I really feel like the Lord used the experiences that I'd had up to that point, all the traveling that I'd done to Europe on many different occasions--to South America, the Orient--to keep my view of Christianity a balanced view instead of specifically an American view, and to keep it so that the issues that we're talking about were hopefully still coming from a Biblical standpoint instead of me just going off on a weird tangent and shooting off at the mouth.

[Tape cut]

Announcer: Steve Taylor, when asked questions like this--does he feel that the church as a whole has placed too much responsibility on contemporary Christian musicians to do the church's job of evangelism, of teaching, of nurturing new believers? How does he feel about that? Has the church put too much responsibility on Christian artists? Here's what he had to say.

Steve: Oh, it's absurd. If they're placing it on contemporary Christian artists, it's absurd because the majority of contemporary Christian artists aren't--I don't want to say Biblical illiterates--but they aren't, they're not trained. A lot of them don't know their Bibles, a lot of them haven't been in any kind of Bible training or anything like that--which certainly doesn't make you an expert or anything like that. You've got a lot of people who are great as musicians but don't have a thing to say. What did Tony Campolo say? He said, "you Christian musicians have a lot of nerve speaking when you're doing a concert--would you like me to sing?"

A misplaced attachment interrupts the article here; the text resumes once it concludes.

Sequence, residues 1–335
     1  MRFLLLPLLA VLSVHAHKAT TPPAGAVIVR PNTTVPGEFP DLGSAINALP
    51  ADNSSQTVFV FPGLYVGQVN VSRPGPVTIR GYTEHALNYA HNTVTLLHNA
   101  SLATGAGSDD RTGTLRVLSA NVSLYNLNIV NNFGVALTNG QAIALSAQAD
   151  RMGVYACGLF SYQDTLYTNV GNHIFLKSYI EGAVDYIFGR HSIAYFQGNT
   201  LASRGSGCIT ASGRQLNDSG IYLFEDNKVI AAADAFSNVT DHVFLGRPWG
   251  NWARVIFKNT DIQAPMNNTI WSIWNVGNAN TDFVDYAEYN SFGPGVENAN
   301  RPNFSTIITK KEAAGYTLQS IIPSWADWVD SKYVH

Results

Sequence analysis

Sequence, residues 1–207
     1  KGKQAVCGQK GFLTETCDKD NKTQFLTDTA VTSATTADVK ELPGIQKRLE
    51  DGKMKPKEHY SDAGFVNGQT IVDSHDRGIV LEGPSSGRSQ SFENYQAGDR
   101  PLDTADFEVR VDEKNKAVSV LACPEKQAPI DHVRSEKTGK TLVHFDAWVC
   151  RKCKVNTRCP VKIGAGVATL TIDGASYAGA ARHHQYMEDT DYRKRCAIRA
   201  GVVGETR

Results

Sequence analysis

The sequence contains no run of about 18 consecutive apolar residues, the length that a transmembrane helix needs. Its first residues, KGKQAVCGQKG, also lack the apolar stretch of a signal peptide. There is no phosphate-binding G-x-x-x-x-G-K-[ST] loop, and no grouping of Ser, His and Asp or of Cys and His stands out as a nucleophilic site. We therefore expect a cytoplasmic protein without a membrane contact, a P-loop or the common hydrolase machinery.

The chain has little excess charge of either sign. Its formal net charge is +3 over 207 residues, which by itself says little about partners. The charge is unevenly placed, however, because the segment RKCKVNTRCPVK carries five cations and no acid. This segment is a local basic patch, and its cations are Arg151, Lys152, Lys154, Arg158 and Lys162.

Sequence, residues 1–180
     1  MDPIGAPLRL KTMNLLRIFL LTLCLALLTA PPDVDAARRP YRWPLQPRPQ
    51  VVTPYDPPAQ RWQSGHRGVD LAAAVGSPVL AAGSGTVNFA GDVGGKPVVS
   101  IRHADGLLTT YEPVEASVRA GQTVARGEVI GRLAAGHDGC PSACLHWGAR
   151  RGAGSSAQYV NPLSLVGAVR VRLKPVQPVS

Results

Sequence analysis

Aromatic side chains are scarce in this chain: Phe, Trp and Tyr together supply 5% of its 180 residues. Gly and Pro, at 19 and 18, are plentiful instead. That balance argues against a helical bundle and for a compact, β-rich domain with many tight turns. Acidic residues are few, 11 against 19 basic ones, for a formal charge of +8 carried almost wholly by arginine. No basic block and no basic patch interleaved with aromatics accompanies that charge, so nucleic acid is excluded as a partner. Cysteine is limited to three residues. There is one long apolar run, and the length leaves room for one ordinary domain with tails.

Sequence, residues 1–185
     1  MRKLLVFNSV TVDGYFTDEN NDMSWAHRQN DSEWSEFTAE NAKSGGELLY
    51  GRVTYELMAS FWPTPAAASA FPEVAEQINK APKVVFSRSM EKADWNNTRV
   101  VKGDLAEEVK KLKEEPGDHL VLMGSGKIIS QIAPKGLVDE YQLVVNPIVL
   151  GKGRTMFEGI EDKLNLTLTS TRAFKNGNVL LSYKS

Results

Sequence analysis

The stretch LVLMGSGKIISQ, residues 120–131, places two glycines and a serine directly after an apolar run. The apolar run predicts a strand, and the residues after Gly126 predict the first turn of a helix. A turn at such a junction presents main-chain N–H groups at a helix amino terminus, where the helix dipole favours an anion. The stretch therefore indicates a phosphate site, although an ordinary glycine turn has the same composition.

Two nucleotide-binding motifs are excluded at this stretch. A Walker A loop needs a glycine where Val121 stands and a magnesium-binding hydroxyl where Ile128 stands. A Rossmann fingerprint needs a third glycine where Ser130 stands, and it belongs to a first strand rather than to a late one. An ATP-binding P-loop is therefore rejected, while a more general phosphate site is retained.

So if they're relying on Christian musicians to do evangelism, then we're all in big trouble, you know? That's why I think it's incorrect that we put a lot of pressure on Christian musicians to have altar calls. In some ways it's like people are getting what they ask for. If they put pressure on a group and say, "you're only valid if you have souls coming forward at the end of the concert," then they're going to get what they ask for, and they're going to have watered-down altar calls, you know, "come forward if anything's wrong and don't look back," and call it good. So it's like a vicious circle.